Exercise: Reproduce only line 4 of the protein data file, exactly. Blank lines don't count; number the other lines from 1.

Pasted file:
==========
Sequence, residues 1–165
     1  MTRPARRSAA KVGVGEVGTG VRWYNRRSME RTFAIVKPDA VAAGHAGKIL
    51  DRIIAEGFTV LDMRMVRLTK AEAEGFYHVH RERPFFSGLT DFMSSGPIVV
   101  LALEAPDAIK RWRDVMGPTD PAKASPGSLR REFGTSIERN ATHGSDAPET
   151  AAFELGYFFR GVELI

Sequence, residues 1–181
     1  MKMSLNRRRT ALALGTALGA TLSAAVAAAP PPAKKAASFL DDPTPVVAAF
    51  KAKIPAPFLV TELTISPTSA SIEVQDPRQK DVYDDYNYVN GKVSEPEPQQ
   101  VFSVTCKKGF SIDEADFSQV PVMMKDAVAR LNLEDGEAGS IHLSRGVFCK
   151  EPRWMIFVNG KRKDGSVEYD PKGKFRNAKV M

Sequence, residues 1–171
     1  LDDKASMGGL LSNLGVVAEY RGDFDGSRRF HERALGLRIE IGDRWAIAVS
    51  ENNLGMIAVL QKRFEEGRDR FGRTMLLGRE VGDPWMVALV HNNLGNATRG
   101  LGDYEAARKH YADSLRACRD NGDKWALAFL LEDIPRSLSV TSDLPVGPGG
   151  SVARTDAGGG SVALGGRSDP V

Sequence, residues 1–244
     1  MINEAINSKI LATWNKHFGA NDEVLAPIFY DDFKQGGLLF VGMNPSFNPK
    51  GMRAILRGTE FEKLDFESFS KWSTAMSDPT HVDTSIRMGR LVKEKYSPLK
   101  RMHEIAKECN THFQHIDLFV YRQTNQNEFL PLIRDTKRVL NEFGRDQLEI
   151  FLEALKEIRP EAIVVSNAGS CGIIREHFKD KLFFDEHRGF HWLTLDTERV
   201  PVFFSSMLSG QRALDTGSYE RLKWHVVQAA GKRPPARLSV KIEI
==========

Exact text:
   101  LALEAPDAIK RWRDVMGPTD PAKASPGSLR REFGTSIERN ATHGSDAPET